The public domain represents a body of knowledge and information available to the public to access and use freely. When indiscriminately applied, it extends a historically prejudiced view of traditional knowledge with important implications for the rights of Indigenous peoples.

Since the latter part of the twentieth century, formal recognition of traditional knowledge has grown. National governments, Indigenous groups and international organizations remain engaged in a protracted debate over the appropriate modality and terms for the protection of traditional knowledge alongside the global intellectual property (IP) system.

In this video, CIGI Senior Fellow Ruth Okediji talks about de-bunking the myth that there is inherent tension between traditional knowledge and the public domain. According to Okediji, a thoughtfully designed public domain for traditional knowledge can continue to be a vital part of IP law and foster innovation without posing a barrier to the protection of traditional knowledge.


When you think about the public domain, it is in many ways a romantic space. It’s the space in which things blossom, creativity blossoms. Why? Because it’s the space in which creators, artists, musicians, inventors are able to wander and pick up the things that they see in the fields and use them for free.

If you imagine a world in which every square inch of property were owned, it would be a very difficult world to live in. In fact, it would mean that the only people who could go anywhere would be those who owned property or who could afford to pay for the rights of entry and exit.

So, when we think about the public domain within the context of the protection of traditional knowledge, the public domain has been used as a sword to disinvest Indigenous groups and local communities from the very things that they have laboured and invested and produced within the specific contours of their own cultural and physical environments.

The public domain has been used as a shield in the international process to deny the legitimacy of creating a legal framework for the protection of traditional knowledge. But the public domain should be neither of those things. A public domain has vitality because it is directly connected to the property rights that depend on a public domain for their sustained and continued vitality.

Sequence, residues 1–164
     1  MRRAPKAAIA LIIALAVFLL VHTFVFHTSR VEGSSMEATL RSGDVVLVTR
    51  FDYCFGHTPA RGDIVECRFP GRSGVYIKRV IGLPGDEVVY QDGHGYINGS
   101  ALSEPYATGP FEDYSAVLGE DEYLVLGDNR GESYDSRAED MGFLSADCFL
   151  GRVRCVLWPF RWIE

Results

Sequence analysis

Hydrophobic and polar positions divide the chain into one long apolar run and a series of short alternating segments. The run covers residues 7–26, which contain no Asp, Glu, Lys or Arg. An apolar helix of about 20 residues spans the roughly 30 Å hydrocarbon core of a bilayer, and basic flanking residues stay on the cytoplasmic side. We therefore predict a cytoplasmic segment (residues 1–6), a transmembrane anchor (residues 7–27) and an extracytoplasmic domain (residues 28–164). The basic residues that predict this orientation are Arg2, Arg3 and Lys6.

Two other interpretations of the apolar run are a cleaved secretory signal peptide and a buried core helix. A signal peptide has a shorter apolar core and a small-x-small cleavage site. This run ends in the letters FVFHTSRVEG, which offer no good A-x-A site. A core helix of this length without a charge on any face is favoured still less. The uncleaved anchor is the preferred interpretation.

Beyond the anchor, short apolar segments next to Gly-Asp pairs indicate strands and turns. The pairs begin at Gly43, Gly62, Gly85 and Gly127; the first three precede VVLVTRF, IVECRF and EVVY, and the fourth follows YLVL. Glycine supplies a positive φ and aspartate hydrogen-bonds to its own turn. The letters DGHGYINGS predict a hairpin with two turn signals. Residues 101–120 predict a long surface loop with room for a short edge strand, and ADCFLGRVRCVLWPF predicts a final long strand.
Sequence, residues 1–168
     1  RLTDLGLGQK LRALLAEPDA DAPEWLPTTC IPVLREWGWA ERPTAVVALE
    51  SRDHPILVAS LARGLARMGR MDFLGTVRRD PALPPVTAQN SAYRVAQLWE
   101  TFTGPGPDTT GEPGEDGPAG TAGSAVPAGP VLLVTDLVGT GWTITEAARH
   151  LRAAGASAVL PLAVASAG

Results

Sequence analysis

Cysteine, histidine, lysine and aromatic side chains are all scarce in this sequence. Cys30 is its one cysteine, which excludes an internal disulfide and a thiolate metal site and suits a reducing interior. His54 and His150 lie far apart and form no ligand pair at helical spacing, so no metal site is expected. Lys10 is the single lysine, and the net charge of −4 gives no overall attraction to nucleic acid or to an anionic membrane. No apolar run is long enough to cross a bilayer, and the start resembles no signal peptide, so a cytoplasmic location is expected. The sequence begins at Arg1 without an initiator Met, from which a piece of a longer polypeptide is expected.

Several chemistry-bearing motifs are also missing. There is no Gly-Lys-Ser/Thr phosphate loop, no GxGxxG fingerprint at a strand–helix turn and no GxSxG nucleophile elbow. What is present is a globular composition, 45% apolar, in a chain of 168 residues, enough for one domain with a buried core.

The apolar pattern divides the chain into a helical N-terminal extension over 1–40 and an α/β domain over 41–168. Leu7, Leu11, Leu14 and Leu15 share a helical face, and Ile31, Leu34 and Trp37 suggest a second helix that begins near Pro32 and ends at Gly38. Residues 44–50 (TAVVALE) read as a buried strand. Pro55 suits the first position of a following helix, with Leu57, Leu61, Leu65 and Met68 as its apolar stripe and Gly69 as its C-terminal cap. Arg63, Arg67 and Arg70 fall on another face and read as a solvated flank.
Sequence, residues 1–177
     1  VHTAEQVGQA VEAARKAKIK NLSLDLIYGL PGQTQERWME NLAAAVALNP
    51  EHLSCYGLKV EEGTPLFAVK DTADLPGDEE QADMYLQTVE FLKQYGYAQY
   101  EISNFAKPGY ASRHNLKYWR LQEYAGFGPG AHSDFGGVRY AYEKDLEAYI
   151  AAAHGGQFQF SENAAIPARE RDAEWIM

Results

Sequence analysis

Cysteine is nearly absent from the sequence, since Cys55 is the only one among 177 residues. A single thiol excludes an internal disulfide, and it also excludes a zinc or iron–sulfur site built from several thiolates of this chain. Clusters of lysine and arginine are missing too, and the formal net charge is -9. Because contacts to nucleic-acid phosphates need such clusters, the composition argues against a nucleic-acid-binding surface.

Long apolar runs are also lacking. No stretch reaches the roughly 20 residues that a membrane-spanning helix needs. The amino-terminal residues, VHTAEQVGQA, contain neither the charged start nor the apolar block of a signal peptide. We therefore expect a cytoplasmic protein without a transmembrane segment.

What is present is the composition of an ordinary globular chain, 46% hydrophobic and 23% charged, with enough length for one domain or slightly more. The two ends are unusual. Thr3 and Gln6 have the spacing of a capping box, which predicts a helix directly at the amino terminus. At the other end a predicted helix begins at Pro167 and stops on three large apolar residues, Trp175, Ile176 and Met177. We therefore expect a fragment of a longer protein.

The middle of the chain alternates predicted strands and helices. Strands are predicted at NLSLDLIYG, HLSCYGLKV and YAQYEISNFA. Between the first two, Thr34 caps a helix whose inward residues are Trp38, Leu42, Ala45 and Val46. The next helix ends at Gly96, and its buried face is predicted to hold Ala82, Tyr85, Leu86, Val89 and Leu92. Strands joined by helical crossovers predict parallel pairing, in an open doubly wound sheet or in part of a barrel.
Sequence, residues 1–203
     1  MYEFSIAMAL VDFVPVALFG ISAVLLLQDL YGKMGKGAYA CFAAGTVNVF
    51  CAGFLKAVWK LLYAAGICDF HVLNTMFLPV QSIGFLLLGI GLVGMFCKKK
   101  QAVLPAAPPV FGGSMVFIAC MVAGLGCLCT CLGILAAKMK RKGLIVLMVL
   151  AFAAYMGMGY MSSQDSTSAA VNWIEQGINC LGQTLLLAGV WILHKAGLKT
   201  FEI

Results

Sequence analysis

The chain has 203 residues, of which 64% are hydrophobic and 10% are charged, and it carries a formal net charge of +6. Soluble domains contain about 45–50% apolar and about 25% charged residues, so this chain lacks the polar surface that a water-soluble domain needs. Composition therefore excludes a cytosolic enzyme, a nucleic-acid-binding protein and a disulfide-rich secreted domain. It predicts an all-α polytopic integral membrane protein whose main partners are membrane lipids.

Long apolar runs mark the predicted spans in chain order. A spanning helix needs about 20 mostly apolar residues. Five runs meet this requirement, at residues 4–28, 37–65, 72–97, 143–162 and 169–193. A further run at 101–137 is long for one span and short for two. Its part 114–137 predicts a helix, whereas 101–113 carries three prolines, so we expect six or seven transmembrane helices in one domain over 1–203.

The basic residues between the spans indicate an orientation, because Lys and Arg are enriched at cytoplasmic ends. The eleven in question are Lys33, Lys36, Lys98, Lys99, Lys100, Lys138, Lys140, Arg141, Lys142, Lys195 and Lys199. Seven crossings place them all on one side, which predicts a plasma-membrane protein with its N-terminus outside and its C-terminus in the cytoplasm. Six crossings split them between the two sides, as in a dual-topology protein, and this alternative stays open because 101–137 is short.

But simply to say that traditional knowledge is not intellectual property is to restate the historical assumptions that Indigenous peoples are not people.

I think it’s very important, as an intellectual property scholar that’s deeply concerned about social justice, to recognize that knowledge begets knowledge, and that when you steward knowledge responsibly and appropriately, there will be rules and norms that ensure that access to that knowledge is encouraged and sustainable for the long term.

Those are the norms of intellectual property that we must look to, to help us understand how best to create an international regime in which the public domain remains a vital part of intellectual property law, but does not pose a danger to our understanding and to our regulation of access to knowledge and, in particular, access to traditional knowledge.

And what I’ve attempted to do in this paper is to debunk the myth that there is an inherent tension between the public domain and traditional knowledge. What the paper then goes on to suggest is that we can reconcile the importance of the public domain by looking at the particular kinds of public domain that already exist within knowledge systems that protect traditional knowledge and that foster Indigenous peoples’ creativity.

That is the universal-welfare-enhancing, human-rights-compliant view of intellectual property law. That it does not say to one group of people, “Your knowledge is important,” and to another people, “Your knowledge belongs to all of us.”


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